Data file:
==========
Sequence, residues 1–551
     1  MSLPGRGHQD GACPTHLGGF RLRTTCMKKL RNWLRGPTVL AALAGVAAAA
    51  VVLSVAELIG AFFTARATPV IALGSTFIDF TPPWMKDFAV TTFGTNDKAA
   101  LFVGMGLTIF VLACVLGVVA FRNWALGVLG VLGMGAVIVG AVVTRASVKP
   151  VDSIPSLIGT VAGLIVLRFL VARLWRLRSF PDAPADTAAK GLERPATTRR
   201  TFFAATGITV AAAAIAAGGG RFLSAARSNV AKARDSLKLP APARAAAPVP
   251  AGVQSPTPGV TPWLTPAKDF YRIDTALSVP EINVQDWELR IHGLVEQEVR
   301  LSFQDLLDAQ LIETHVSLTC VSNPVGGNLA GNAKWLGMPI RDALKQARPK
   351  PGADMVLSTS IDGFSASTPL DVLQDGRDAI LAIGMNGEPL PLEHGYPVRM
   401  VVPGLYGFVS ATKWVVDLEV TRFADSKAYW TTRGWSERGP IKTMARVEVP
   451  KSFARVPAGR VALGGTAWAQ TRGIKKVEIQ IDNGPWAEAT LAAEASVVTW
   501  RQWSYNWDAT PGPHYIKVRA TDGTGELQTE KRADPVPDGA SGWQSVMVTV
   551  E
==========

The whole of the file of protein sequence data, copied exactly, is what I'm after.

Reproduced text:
Sequence, residues 1–551
     1  MSLPGRGHQD GACPTHLGGF RLRTTCMKKL RNWLRGPTVL AALAGVAAAA
    51  VVLSVAELIG AFFTARATPV IALGSTFIDF TPPWMKDFAV TTFGTNDKAA
   101  LFVGMGLTIF VLACVLGVVA FRNWALGVLG VLGMGAVIVG AVVTRASVKP
   151  VDSIPSLIGT VAGLIVLRFL VARLWRLRSF PDAPADTAAK GLERPATTRR
   201  TFFAATGITV AAAAIAAGGG RFLSAARSNV AKARDSLKLP APARAAAPVP
   251  AGVQSPTPGV TPWLTPAKDF YRIDTALSVP EINVQDWELR IHGLVEQEVR
   301  LSFQDLLDAQ LIETHVSLTC VSNPVGGNLA GNAKWLGMPI RDALKQARPK
   351  PGADMVLSTS IDGFSASTPL DVLQDGRDAI LAIGMNGEPL PLEHGYPVRM
   401  VVPGLYGFVS ATKWVVDLEV TRFADSKAYW TTRGWSERGP IKTMARVEVP
   451  KSFARVPAGR VALGGTAWAQ TRGIKKVEIQ IDNGPWAEAT LAAEASVVTW
   501  RQWSYNWDAT PGPHYIKVRA TDGTGELQTE KRADPVPDGA SGWQSVMVTV
   551  E